Oktibbeha County Humane Society receives $150K grant

 

David Matthews, an animal attendant with the Oktibbeha County Humane Society, plays with Artemis, at the animal shelter on Industrial Park Road on Monday. OCHS received a $150,000 grant from PetSmart Charities to help spay and neuter pets at discounted rates for pet owners.

David Matthews, an animal attendant with the Oktibbeha County Humane Society, plays with Artemis, at the animal shelter on Industrial Park Road on Monday. OCHS received a $150,000 grant from PetSmart Charities to help spay and neuter pets at discounted rates for pet owners. Photo by: Alex Holloway/Dispatch Staff

 

Mary Pollitz

 

 

Oktibbeha County Humane Society would love to put itself out of business.  

 

Martha Thomas, OCHS director of development and community relations, said that's actually any animal shelter's goal. In order to achieve that feat, Thomas said OCHS is trying to decrease the animal population in Oktibbeha County. Earlier this year, OCHS received a $150,000 grant from PetSmart Charities to help fund Fido Fixers, a low-cost spay and neuter program that started at OCHS last May. 

 

Through the program, pet owners can bring their animals to the humane society for spaying or neutering at a subsidized rate if they meet certain household income standards (for example, $40,000 or less for a single-person home and $50,000 or less for a two-person household).  

 

"This program is trying to help decrease the amount of animals that are sheltered," Thomas said. "If everybody spayed and neutered their pets, there would pretty much not be a need for an animal shelter. We would love to put ourselves out of business. We don't think that would happened but it would be wonderful."  

 

PetSmart Charities, a nonprofit through the chain pet store, helps fund smaller nonprofits. Last year, PetSmart Charities donated $42.8 million to about 4,000 organizations nationwide.  

 

"PetSmart Charities' mission is to find loving homes for all pets, and we do this by supporting programs that bring people and pets together," PetSmart Charities Senior PR manager Yosha Brunson Kuhl sent in an email. "With the help of generous PetSmart shoppers who donate using the PIN pads at store registers, PetSmart Charities provides grant funding to nonprofits aligned with its mission." 

 

With the additional $150,000 grant, Thomas said OCHS can fix up to 2,000 pets. Since May of last year, OCHS has fixed 1,600 pets. Thomas said OCHS will also purchase a "small unit" to help kennel animals before and after surgeries.  

 

She added pet owners can contact OCHS on its website www.ochsms.org/spay-neuter/ or call 662-368-8343 to arrange an appointment for the discounted spay and neuter. As of now, Thomas said OCHS performs surgeries three days a week and is averaging about 200 surgeries a month.  

 

"For the most part, it's done at a mobile unit at our shelter," Thomas said. "We have been taking the mobile unit to different locations as we've had interest. We've been traveling regularly to Meridian to help out over there. It has a surgical unit on the back and kennel space to hold onto the animals while they're waiting to get fixed."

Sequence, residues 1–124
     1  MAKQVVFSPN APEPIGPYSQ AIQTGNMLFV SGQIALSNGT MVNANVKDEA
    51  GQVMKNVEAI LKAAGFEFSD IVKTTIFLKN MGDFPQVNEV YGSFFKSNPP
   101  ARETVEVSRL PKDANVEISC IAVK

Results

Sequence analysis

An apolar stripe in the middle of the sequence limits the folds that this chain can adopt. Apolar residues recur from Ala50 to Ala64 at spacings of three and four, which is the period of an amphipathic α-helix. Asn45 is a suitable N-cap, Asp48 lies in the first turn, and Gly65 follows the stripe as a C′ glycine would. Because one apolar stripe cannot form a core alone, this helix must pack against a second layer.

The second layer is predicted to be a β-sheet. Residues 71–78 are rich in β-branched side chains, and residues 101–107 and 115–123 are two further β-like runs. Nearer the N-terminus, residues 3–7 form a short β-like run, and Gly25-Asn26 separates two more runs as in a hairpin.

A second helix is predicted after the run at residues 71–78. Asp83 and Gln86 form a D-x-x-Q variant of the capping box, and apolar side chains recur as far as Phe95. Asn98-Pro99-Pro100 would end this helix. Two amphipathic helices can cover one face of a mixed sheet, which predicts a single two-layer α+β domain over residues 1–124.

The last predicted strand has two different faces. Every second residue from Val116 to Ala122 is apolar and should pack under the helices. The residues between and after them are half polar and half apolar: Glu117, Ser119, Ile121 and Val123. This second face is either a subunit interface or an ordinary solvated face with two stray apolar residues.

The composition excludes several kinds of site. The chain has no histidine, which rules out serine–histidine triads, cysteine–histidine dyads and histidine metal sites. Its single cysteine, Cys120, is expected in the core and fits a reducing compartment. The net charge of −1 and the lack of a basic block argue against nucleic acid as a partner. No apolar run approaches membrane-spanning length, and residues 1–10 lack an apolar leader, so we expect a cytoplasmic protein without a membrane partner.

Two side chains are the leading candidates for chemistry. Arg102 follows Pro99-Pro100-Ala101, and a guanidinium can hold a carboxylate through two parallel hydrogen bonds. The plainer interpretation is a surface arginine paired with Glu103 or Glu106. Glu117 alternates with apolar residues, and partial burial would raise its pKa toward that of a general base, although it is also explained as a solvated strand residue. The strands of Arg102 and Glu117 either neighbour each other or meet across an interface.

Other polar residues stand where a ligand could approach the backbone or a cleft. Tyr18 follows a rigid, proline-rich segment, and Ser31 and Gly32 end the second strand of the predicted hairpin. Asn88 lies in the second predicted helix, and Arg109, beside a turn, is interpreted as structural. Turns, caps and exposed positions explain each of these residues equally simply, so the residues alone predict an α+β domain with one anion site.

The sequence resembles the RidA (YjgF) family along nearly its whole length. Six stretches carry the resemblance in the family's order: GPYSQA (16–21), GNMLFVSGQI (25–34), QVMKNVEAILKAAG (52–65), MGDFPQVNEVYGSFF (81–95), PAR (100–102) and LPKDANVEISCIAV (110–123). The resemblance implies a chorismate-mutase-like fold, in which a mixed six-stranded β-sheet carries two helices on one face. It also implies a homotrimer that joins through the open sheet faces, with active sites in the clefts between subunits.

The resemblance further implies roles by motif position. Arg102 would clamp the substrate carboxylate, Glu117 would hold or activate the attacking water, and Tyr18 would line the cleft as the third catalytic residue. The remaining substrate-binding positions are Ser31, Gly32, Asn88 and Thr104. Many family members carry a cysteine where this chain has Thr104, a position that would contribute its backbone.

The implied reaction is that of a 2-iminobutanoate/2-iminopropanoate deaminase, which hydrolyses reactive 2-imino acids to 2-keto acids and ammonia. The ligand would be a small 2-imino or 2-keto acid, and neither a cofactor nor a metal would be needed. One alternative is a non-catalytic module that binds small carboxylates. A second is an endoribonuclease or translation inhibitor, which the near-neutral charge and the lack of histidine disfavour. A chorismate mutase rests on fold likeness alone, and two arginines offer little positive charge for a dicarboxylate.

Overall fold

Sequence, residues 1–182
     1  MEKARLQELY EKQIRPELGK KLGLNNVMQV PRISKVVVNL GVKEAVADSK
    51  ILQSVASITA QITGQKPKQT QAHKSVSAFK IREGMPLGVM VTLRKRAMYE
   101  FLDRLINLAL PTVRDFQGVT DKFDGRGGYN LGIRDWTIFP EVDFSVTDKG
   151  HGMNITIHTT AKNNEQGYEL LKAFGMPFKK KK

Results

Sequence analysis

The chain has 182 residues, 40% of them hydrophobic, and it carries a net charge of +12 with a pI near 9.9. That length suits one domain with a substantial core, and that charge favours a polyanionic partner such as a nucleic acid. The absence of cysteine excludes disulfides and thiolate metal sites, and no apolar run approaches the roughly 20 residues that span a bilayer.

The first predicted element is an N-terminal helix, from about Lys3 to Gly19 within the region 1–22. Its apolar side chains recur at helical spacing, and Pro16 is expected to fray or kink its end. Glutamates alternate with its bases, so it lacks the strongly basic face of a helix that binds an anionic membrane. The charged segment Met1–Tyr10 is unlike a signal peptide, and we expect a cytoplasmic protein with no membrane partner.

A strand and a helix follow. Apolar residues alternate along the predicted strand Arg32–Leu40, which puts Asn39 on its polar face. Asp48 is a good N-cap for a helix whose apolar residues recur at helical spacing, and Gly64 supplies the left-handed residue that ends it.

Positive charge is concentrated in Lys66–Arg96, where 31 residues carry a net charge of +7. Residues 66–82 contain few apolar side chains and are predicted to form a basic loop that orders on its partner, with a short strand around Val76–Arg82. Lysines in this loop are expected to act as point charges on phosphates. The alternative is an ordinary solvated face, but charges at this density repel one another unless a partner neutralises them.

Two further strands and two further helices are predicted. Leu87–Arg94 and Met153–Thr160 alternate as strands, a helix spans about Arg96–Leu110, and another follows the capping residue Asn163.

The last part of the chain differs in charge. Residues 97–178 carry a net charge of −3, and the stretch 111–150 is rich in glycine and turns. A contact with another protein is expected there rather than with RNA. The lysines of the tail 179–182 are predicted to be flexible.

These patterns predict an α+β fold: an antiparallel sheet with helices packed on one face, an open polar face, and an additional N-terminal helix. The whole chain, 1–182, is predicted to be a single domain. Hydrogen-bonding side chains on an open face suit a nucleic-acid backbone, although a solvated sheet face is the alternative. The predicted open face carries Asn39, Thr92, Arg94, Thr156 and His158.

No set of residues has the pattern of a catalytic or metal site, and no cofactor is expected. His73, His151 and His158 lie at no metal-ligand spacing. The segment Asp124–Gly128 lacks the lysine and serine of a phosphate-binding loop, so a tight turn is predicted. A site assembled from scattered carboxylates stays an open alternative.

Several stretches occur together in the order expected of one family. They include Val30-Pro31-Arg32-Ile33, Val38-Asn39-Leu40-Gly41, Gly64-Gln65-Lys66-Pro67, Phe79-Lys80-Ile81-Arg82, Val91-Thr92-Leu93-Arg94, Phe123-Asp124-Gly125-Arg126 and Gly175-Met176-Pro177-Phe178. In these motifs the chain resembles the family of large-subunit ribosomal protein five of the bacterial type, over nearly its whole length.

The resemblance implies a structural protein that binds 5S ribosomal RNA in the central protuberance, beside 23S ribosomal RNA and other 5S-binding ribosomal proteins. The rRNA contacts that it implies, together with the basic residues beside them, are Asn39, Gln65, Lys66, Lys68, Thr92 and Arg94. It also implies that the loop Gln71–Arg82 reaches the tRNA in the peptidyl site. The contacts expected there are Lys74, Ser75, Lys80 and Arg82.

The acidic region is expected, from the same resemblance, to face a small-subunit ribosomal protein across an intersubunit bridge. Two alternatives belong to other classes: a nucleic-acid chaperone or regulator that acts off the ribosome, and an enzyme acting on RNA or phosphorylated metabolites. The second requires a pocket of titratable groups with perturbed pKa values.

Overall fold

On average, a spay or neuter for a cat can costs up to $100 while a dog can range from $115 to $200. Fido Fixers offers to fix a cat for $20 for and dog for $40.  

 

"The number of animals we've fixed so far, just thinking about if each one of those had a litter, we've already made a significant impact in our community," Thomas said. "That's thousands of animals that are not being born in our community and not ending up (in) shelters. We are really excited about this program and thankful for the PetSmart Charities grant that allows to do it." 

 

 

 

Columbus-Lowndes Humane Society 

 

Columbus-Lowndes Humane Society also offers low-cost spay and neuters for college students, as well as anybody who is receiving government assistance. The program is geared toward helping families who are current pet owners of cats or dogs but can't afford the cost of getting them fixed.  

 

CLHS Director Karen Johnwick said funds are raised generally through "word of mouth."  

 

"It is pretty much for low to median income," Johnwick said. "If you can afford to take your pets to a vet, we encourage that because we want you to have a vet relationship. We want to help all the lower income areas that (are) struggling. We want our program to be geared toward that." 

 

The low-cost spay and neuters costs $35 for cats and $45 for dogs. CLHS offers surgeries once a week on Wednesdays and can perform up to 30 surgeries a week. Johnwick said pet owners must come in, pay for surgery and get on a waiting list for surgery.  

 

"Right now, (the waiting list is) just a couple weeks," Johnwick said. "In spring, when all the cats are pregnant, it can get up to a six to eight week wait. It's very important, not only from the health aspect but also the number of puppies and kittens that come into the shelter. If you're not going to be a legit breeder, you really want to spay and neuter. It's that time, especially for cats. It's time to get them in and get them fixed."

 

 

 

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